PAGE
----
KAISER, Peter Murano
- Home Institute:
My grandmother was born and grew up in Japan and my interest in Japanese culture stems from the first time our family took a trip there when I was in middle school. I knew I wanted the opportunity to spend some time studying Japan from within. That’s when I found the Waseda Summer Program which seemed to be perfect for me. I already knew of Waseda’s high caliber as a university and the opportunity to learn there was a major draw to the program.
While studying at Waseda I took the Culture III, History I, and Japanese I classes. Both Culture III and History I were taught by the same professor, so I had the unique experience of being able to get to know one professor very well. A major theme discussed in depth in both classes was Japan’s aging population and the long term affects this problem could have both politically and culturally. To further solidify our understanding of the class topics, we had many guest lecturers come in to speak to our class. The lecturers were at the top of their fields ranging from experts on specific subject matters from other universities, master rakugo performers, the head of a marketing company, and the head of an art collection. These experts brought a new level of understanding through their work in a non-classroom setting and imparted their knowledge on us. Additionally, we took numerous class trips which really let us see some of the places and cultural identities we were learning about in person such as the Edo Tokyo Museum, to the district of Akihabara, and even going to Tsukiji Fish Market early in the morning for breakfast. The Japanese class gave me the chance to learn about the culture in a more intimate way.
I had never lived in a city, so I was pretty nervous, but Tokyo soon easily felt like a home. One thing I was surprised by was how I always felt safe while in there, even though it is one of the most populous cities in the world. I stayed at the Tokiwadai Flexstay Inn, which was about a 45 minute commute from campus. At first, the crowded subway was intimidating but after only a couple of days I felt I was navigating them like a pro. Some of the best friends I made in the program were from the Tokiwadai Flexstay and we would explore Tokyo together when not in class, going to the Mori Digital Art Museum in Odaiba or heading to a karaoke bar in Shinjuku for example. In fact, the program is built so that there is plenty of time for us to explore Japan on our own, and so many people would go on excursions to Tokyo’s surrounding areas over the weekends. The field trip to Nikko allowed us to get to know other members of the program really well. From the amazing Japanese dinner, traditional ryokan accommodation, and the cultural experiences on the way (such as Edo Wonderland and the Toshogu Shrine) the Nikko trip really helped bring together the entire experience.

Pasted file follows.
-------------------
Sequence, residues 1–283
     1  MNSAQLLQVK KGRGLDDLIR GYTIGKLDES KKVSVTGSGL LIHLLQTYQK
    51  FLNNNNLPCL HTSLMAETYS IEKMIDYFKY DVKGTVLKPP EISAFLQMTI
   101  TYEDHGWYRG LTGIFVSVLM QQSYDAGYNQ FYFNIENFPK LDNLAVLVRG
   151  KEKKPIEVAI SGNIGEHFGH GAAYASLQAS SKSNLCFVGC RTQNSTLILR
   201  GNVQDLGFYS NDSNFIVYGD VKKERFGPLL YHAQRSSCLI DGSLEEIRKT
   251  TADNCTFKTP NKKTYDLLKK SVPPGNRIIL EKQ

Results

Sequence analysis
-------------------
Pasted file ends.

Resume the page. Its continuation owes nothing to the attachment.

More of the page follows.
Beyond the program’s amenities, I found that the program consisted of driven open-minded students from all over the world. Everyone I met there genuinely wanted to experience Japan’s culture and everything it had to offer and were amongst the friendliest people I had ever met. The Waseda Summer Session was unlike anything I had ever done before and I am truly glad that I was able to participate in it. I will never forget the many friendships I made that span the globe.